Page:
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Paul Franklin Dano: Life So Far, © IFCRant

by Erin Torneo

Paul Franklin Danoís voice is sometimes hard to hear over the dull hum of air conditioners and errant sirens. These sounds create a kind of melody at a recent interview on a hot summer afternoon in New York City, the same way that the continuous lull of traffic lumbering down the Long Island Expressway provides a breathing rhythm for the suburban sprawl it traverses in Michael Cuestaís first film L.I.E., in which Dano makes his feature acting debut. That congested expressway, known more commonly as the L.I.E., not only gives the film its name and central metaphor but also defines the parameters for Danoís character, Howie Blitzerís, collapsing world.

"I donít think Iíll ever have to do stuff as difficult as what I did in L.I.E.," says the 16-year-old Dano. "I definitely donít think Iíll ever have a challenge like that in a film thatís so substantial and unique and controversial." L.I.E., acquired by Lot 47 Films at Sundance earlier this year and hitting theaters in September, is an unflinching coming-of-age tale. Dano plays a sullen-faced adolescent who lost his mother in a car accident on the notorious road that goes "east, west, and to hell." The highway, along with neat subdivisions and strip malls, conceals a truth: that rest stops are busy centers of sexual transaction and the town hero is a predator of young boys.

"I wasnít sure I was going to be able to pull it off," admits the largely untrained Dano, who confronted pedophilia and homoeroticism in his first big role. But his inexperience only enriches his performance, giving it a staggering rawness derived more from intuition than method. With his slight frame and serious demeanor, Dano delivers a rending depiction of lost innocence and quiet strength. "The only uncomfortable thing was walking around in tighty-whities," he laughs.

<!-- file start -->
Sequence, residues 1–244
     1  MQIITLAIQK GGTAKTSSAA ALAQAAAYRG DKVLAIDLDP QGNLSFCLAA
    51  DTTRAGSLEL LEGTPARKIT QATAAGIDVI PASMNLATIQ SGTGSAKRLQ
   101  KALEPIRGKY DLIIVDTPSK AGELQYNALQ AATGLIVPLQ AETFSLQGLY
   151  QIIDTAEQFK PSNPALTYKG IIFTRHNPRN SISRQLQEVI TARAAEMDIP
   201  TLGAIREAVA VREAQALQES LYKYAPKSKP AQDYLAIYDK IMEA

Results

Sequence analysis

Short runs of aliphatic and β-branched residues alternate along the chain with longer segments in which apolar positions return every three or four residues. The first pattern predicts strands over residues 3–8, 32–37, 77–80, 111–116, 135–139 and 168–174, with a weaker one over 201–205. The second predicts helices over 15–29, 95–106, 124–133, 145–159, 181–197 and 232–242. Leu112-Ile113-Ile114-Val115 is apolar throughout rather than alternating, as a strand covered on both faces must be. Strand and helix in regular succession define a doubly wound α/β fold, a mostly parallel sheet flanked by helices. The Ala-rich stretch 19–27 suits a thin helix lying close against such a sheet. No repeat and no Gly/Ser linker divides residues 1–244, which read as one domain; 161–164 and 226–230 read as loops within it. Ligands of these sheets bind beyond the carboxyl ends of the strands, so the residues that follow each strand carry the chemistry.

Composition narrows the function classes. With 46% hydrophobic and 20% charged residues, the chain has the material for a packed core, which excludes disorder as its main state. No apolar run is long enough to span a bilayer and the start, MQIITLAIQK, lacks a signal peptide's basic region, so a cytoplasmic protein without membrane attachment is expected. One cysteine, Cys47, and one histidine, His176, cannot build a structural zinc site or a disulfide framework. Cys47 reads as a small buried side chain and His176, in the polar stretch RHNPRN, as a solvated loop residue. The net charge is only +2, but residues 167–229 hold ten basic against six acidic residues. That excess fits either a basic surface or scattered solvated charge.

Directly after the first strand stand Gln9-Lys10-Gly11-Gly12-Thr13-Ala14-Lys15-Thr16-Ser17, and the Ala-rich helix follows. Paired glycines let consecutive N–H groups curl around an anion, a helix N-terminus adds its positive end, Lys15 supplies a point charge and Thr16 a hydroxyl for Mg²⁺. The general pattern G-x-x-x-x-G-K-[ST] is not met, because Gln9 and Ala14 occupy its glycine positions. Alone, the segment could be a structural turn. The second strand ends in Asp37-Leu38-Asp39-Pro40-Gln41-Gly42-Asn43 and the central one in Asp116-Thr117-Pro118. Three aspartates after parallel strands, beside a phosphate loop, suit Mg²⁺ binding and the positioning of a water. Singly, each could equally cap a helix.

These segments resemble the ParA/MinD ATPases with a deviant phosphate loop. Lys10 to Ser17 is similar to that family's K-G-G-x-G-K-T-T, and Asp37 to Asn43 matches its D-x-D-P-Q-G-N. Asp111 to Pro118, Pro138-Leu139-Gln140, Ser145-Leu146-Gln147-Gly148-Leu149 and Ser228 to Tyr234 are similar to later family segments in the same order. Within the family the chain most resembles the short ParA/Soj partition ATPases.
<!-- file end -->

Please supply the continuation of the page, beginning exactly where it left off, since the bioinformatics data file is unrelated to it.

Danoís own suburban upbringing in quaint Wilton, Connecticut, doesnít reflect L.I.E.ís dark undercurrent. A close relationship with his family distinguishes him most from the character he plays, though he acknowledges he shares a similar vulnerability with him. "Howieís kind of lost," he explains. "Iím just going through high school now, and thereís a lot of stuff that comes at you, and you donít always know where to go with it."

Despite the hubbub around his performance in L.I.E. and a follow-up role in Universal Picturesí The Palace Thief with Kevin Kline, Danoís true love, like any good teenager, is music. "I have a band and weíre going to play at New York Cityís Wetlands this summer, which is kind of cool for us," he says. "Most of it is acoustic rock with congas and bongos, lots of vocal harmonies with a reggae influence and Phish-type sound." And while the acting gigs will likely keep coming, Dano imagines more: He has just completed a five-week course in film directing at NYU.

As for his role in this quietly devastating film, Dano says, "Everything you do, every experience that you have, enlightens you a little bit or worsens you. L.I.E. was big for me. I think itís one of the best things Iíve been a part of in my life so far."



From IFCRant The Magazine September/October 2001